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Oral treatments of Echinococcus multilocularis-infected mice with the antimalarial drug mefloquine that potentially interacts with parasite ferritin and cystatin.
Int J Antimicrob Agents. 2015 Nov; 46(5):546-51.IJ

Abstract

This study investigated the effects of oral treatments of Echinococcus multilocularis-infected mice with the antimalarial drug mefloquine (MEF) and identified proteins that bind to MEF in parasite extracts and human cells by affinity chromatography. In a pilot experiment, MEF treatment was applied 5 days per week and was intensified by increasing the dosage stepwise from 12.5 mg/kg to 200 mg/kg during 4 weeks followed by treatments of 100 mg/kg during the last 7 weeks. This resulted in a highly significant reduction of parasite weight in MEF-treated mice compared with mock-treated mice, but the reduction was significantly less efficacious compared with the standard treatment regimen of albendazole (ABZ). In a second experiment, MEF was applied orally in three different treatment groups at dosages of 25, 50 or 100 mg/kg, but only twice a week, for a period of 12 weeks. Treatment at 100 mg/kg had a profound impact on the parasite, similar to ABZ treatment at 200 mg/kg/day (5 days/week for 12 weeks). No adverse side effects were noted. To identify proteins in E. multilocularis metacestodes that physically interact with MEF, affinity chromatography of metacestode extracts was performed on MEF coupled to epoxy-activated Sepharose(®), followed by SDS-PAGE and in-gel digestion LC-MS/MS. This resulted in the identification of E. multilocularis ferritin and cystatin as MEF-binding proteins. In contrast, when human cells were exposed to MEF affinity chromatography, nicotinamide phosphoribosyltransferase was identified as a MEF-binding protein. This indicates that MEF could potentially interact with different proteins in parasites and human cells.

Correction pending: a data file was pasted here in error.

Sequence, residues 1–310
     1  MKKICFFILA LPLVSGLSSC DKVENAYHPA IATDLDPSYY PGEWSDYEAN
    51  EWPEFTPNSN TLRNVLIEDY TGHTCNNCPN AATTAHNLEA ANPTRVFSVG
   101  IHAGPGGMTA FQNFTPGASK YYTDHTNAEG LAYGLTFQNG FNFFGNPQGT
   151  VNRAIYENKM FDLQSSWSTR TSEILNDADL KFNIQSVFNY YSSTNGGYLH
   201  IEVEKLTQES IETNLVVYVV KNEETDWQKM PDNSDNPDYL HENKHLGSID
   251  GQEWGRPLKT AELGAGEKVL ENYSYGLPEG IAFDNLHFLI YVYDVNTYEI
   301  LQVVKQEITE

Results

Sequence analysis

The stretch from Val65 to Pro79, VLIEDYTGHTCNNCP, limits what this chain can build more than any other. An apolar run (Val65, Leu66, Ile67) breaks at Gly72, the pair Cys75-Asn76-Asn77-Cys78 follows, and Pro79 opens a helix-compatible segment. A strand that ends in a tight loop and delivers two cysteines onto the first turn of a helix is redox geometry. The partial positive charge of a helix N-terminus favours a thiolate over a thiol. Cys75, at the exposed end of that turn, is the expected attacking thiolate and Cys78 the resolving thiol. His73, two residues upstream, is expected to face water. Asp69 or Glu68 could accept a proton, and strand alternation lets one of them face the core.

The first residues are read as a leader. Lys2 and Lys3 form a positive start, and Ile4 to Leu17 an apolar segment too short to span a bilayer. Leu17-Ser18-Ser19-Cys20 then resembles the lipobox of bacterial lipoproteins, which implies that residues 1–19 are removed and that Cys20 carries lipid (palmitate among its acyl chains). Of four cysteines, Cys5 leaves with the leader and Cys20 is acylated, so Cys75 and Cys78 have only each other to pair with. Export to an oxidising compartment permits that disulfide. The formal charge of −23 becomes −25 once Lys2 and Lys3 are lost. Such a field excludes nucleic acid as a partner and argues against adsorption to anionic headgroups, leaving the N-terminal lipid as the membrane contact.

Authors+Show Affiliations